To explore the relationships between the erosion factors of hilltops and the soil disturbance factors of the pit-mounds, redundancy analysis (RDA) was performed using the software CANOCO for Windows® v. 4.5 ([33]). The predictor matrix was composed of 6 variables (pit length, pit width, pit depth, root plate height, MM height and OM height) for each of the 75 uprooting sites. The dependent variables were organized in a single matrix of 4 variables (pit depth, root plate height, slope steepness and volume of dislocated soil) for each of the 75 microsites. Resamples of residual data was performed to retain the structure of the interpolation. All variables were tested for normal distribution by applying the Shapiro-Wilk’s test (α = 0.05), and the homogeneity of variance among groups was verified by the Levene’s test (α = 0.05). Moreover, to assess the contribution of each variable to the overall correlation a non-parametric comparison for all pairs was conducted using the Steel-Dwaas test implemented in the JMP® software package (SAS® ver. 11.04, Cary, NC, USA) with α = 0.01. Furthermore, the relationship between root plate height and depth was explored through linear regression analysis.

ANOVA was applied to test for differences in pit-mound characteristics among different sites and age groups (i.e., elapsed time since uprooting). Data were analysed using the PaSt® software (Paleontological Statistics, ver. 3.0). Statistical differences were reported significant at P < 0.05.

Results 

Pit-mound parameters

Results showed a general trend of decrease in root plate height (PR) over time (Tab. 1). On average, the height of root plate decreased by 0.37 m between 1-year-old and 3-year-old pit-mounds, and by 0.16 m between 3-year and 5-year old pit-mounds. In addition, a remarkable difference was found in both length and depth of the pit between 1-year and 3-year-old pit-mounds, where the average length of the pit decreased by 0.48 m and the depth by 0.30 m. Differences between the 3-year and 5-year-old pit-mounds appeared not as much large (0.06 m and 0.13 m for length and depth, respectively). The width of the pit showed a comparable trend; the average width between 1-year-old and 3-year-old pit-mounds decreased by 0.55 m, and decreased an average of 0.40 m between the 3- and 5-year-old pit-mounds.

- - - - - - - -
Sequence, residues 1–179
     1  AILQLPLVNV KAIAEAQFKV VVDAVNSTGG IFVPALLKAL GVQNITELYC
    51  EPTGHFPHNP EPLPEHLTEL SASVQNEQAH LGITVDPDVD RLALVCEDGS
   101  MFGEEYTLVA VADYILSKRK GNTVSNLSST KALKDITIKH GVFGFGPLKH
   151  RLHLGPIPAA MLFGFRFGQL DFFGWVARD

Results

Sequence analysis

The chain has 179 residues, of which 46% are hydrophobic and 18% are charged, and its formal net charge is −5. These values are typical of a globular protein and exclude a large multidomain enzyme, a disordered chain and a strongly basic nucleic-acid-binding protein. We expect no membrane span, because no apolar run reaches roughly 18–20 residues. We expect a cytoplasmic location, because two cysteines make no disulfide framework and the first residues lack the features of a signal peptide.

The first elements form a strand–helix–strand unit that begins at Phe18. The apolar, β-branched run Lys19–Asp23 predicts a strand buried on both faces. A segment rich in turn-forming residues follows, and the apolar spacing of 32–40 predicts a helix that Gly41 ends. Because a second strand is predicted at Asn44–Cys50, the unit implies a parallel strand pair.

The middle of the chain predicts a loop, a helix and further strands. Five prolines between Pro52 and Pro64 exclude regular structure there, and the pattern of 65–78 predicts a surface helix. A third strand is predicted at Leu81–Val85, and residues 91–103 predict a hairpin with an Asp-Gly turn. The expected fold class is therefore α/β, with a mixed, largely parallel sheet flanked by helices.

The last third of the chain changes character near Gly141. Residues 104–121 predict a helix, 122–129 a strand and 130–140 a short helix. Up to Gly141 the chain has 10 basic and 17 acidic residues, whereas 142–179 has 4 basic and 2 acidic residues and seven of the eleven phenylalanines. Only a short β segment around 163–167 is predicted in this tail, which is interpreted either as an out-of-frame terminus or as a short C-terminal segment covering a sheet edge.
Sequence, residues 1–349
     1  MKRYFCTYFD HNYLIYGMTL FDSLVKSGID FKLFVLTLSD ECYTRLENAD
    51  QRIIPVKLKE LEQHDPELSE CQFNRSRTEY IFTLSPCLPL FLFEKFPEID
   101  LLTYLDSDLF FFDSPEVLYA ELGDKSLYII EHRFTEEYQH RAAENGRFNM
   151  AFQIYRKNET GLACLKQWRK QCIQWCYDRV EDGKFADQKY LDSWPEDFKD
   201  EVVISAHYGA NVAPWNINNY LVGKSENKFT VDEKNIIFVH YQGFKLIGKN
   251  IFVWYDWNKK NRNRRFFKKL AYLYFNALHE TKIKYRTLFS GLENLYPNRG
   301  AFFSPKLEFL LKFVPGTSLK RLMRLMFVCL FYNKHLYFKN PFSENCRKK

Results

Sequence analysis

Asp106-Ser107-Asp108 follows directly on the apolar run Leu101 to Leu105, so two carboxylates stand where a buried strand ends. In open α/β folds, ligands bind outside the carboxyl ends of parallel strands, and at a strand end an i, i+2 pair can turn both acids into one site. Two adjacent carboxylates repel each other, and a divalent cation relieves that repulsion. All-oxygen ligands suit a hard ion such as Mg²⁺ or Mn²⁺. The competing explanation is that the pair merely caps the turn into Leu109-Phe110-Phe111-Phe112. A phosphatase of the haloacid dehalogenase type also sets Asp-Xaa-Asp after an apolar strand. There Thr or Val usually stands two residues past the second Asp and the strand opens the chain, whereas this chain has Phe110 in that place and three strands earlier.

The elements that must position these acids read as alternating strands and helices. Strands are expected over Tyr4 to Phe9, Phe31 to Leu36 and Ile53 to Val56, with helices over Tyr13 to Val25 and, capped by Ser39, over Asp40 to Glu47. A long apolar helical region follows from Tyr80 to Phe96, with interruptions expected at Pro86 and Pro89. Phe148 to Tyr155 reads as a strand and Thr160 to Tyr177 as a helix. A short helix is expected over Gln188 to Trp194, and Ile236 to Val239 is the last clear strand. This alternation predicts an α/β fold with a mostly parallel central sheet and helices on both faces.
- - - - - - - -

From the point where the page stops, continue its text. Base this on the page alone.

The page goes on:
Tab. 1 - Mean values (± standard error) of the parameters measured on the studied pit-mounds. Different letters in each row indicate significant differences between age classes after Tukey’s test (P<0.05).

A decrease of mineral mound (MM) height and a slight increase of organic mound (OM) height was also observed. On average, the height of the mineral mound in 3-year-old pit-mounds was 0.29 m lower than in 1-year-old pit mounds; however, this was very similar to the 5-year-old pit mounds. The height of the organic mounds in 1-year and 3-year-old pit-mounds was similar, whereas in the five-year-old pit-mounds it was slightly higher, by 0.06 m (Tab. 1).

ANOVA revealed no significant differences between age groups and interaction between age and root plate height (P > 0.05). However, statistically significant differences in microtopographic variables among pit-mounds were observed (Tab. 2).

Tab. 2 - Results of the ANOVA using pit-mounds microtopography parameters with their combined root plate parameters. F-values and P-values for pit-mound parameters with effect (age): 1-year, 3-year and 5-year-old. (df): degrees of freedom; (ns): not significant (P>0.05).

Soil dislocation

Linear regression analysis showed a significant negative relationship between pit depth and root plate height (R2 = 0.64 - Fig. 3), that is, shallower pits were associated with higher root plates.

Fig. 3 - Linear regression plot between pit depth and height of the root plate. The best fitting equation was as follows: y = -0.3758x + 2.049 (R2 = 0.64, p<0.05).

Results of the RDA analysis are summarized in Fig. 4. The first axis accounted for 32% of the total variance, while the second for 36.5%. Correlation between site topographic features and microtopography parameters of pit-mounds revealed that both pit depth and root plate height were negatively associated with slope steepness. Interestingly, the depth of the uprooted pit was negatively correlated with both axes.

Fig. 4 - Redundancy analysis (RDA) correlation triplot. Arrows and their length represent the incidence of each factor on pit-mound characteristics. The two represented axes accounted for 68.5 % of the total variance.

The results of the Steel-Dwaas test carried out revealed a significant (P<0.01) erosion of surface horizons in terms of volume of eroded soil, particularly on steep slopes (Fig. 4).

Discussion